11.2.3 Geneious Method for Comparing Expression Levels

The Geneious method should be used to compare expression between two single-sample conditions. Either read counts, fragment counts or transcript counts from each annotation can be compared.

Since a single transcript can produce multiple reads and fragments, the number of reads and fragments produced aren’t independent events so the confidence values produced by comparing these are unlikely to be accurate. For this reason we recommend comparing samples using transcript counts.

Normalization

Different samples produce different quantities of transcripts, therefore, in order to compare values between samples, the counts need to be normalized using one of the following methods.

All of these normalization methods (and more) are described and compared by Dillies et al 2012, who recommend using Median of Gene Expression Ratios. One reason for this is that a few highly expressed genes can greatly affect the total number of transcripts produced, so this can distort the fraction of the total reads that contribute to genes with lower expression. The choice of normalization method determines the Differential Expression Ratio for each gene.

P-Value Calculation

In addition to calculating the differential expression ratio, it is useful to know whether or not that differential expression is statistically significant. This is represented by a p-value. A number of advanced methods have been published for the calculation of p-values based on a range of assumptions. Many of these are compared by Soneson & Delorenzi 2013, who conclude that no single method is optimal under all circumstances and that very small samples sizes impose problems for all evaluated methods.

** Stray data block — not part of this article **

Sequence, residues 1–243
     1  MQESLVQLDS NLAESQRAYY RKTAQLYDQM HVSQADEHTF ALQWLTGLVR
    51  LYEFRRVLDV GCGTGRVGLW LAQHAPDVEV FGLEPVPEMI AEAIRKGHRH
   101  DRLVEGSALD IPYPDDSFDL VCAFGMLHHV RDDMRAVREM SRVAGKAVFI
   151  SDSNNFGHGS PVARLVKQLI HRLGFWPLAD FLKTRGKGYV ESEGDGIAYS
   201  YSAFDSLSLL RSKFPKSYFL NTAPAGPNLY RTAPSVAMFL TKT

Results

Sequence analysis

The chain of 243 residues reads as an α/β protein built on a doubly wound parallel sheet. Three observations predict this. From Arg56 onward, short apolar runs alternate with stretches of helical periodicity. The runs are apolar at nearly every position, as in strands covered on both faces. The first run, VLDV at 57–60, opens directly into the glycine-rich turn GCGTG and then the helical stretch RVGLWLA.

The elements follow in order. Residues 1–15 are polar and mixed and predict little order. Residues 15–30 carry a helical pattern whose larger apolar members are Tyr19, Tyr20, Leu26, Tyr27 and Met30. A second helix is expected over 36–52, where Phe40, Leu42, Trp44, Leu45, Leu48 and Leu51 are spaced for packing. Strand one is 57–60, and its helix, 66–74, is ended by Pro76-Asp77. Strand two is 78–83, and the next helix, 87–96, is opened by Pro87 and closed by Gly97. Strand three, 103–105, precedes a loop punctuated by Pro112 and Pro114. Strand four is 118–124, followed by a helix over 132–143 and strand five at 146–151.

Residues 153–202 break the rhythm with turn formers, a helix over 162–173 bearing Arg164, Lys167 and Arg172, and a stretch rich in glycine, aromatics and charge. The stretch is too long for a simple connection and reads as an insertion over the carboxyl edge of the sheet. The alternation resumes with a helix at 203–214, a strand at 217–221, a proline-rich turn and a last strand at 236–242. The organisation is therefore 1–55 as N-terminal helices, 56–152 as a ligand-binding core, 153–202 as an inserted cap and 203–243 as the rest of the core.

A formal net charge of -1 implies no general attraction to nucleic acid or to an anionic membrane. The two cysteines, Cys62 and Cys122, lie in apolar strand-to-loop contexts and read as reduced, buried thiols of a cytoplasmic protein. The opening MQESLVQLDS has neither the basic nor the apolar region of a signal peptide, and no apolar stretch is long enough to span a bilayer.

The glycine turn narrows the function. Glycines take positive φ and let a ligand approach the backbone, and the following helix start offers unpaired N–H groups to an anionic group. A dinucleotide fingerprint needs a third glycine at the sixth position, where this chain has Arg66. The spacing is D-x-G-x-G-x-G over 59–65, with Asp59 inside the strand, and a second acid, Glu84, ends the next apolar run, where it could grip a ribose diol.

In this basic differential expression plugin in Geneious we have implemented a simple statistical test based on the assumption that the gene which each observed transcript came from is an independent event.

For a given gene, the probability that a randomly selected transcript would come from that gene is calculated as number of transcripts mapped to that gene/total number of transcripts from that sample. This probability is normalized, the mean probability between the two samples calculated, and this mean un-normalized for each sample. This produces an expected probability that a randomly selected transcript from this sample comes from that gene, assuming that this gene is not differentially expressed.

The Binomial Distribution is used to calculate the probability that an observed count at least as extreme as the observed one would be seen, assuming this non-differentially expressed mean probability. The probabilities from each sample are multiplied together to form the p-value.